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Ferns - General Characteristics

fronds frond species allies

A fern plant generally consists of one or more fronds attached to a rhizome. A frond is simply the leaf of the fern. A rhizome is a specialized, root-like stem. In most temperate-zone species of ferns, the rhizome is subterranean and has true roots attached to it. Fronds are generally connected to the rhizome by a stalk, known technically as the stipe. The structures of the frond, rhizome, and stipe are important characteristics for species identification.

The sizes of ferns and their fronds vary considerably among the different species. Tree ferns of the Cyatheaceae family are the largest ferns. They are tropical plants which can grow 60 ft (18 m) or more in height and have fronds 15 ft (5 m) or more in length. In contrast, species in the genus Azolla, a group of free-floating aquatic ferns, have very simple fronds which are less than 0.2 in (0.5 cm) in diameter.

The fern frond develops from a leaf bud referred to as a crozier. The crozier is coiled up in most species, with the frond apex at the middle of the coil. This pattern of coiled leaf arrangement in a bud is called circinate vernation. Circinate vernation is found in a few other seed plants, but not in any other free-sporing plants. During growth of a bud with circinate vernation, the cells on one side of the coil grow more rapidly than those on the other, so the frond slowly uncoils as it develops into a full-grown leaf.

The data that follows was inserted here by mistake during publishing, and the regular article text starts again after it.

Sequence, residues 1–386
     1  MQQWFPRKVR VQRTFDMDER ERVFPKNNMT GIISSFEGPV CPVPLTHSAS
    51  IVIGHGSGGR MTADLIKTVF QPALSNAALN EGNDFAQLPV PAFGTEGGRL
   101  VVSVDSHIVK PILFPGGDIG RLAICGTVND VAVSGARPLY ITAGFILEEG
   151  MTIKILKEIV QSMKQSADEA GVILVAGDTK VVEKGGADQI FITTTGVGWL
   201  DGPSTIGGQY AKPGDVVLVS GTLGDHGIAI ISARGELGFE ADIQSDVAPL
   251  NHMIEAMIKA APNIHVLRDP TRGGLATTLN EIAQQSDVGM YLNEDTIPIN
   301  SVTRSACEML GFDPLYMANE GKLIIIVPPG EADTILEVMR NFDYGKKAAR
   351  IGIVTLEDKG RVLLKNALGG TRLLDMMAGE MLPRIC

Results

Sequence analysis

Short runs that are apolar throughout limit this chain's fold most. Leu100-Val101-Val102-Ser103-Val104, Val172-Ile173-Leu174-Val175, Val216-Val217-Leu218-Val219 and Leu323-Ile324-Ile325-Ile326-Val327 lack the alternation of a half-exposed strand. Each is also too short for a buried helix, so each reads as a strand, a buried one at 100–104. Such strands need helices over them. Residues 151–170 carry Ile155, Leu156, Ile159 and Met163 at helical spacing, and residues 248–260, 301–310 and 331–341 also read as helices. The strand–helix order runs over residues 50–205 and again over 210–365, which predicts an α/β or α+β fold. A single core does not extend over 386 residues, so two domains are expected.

The horsetails (phylum Sphenophyta) and club mosses (phylum Lycodophyta) are known colloquially as fern allies. The fern allies also reproduce sexually by making spores and have stems with vascular systems. However, there are two principal differences between ferns and fern allies. First, unlike the ferns, the leaves of fern allies, known technically as microphylls, are small, scale-like structures with a single mid-vein. Second, fern allies make their spores at the bases of their leaves or on specialized branches. There are about 1,500 species of fern allies in the world.

The reproductive cells of ferns are microscopic spores which are often clustered together in the brown spots visible on the fronds' undersides. Since fern spores are microscopic, fern reproduction was not well understood until the mid-1800s. This led some people to attribute mystical powers to the ferns. According to folklore, ferns made invisible seeds and a person who held these would also become invisible. Even Shakespeare drew upon this folklore and wrote in Henry IV; "we have the receipt of fern seed; we walk invisible." Nowadays, anyone with a simple microscope can tease apart the brown spots on the underside of a fern frond and see the tiny spores.

Ferns - Natural History [next]

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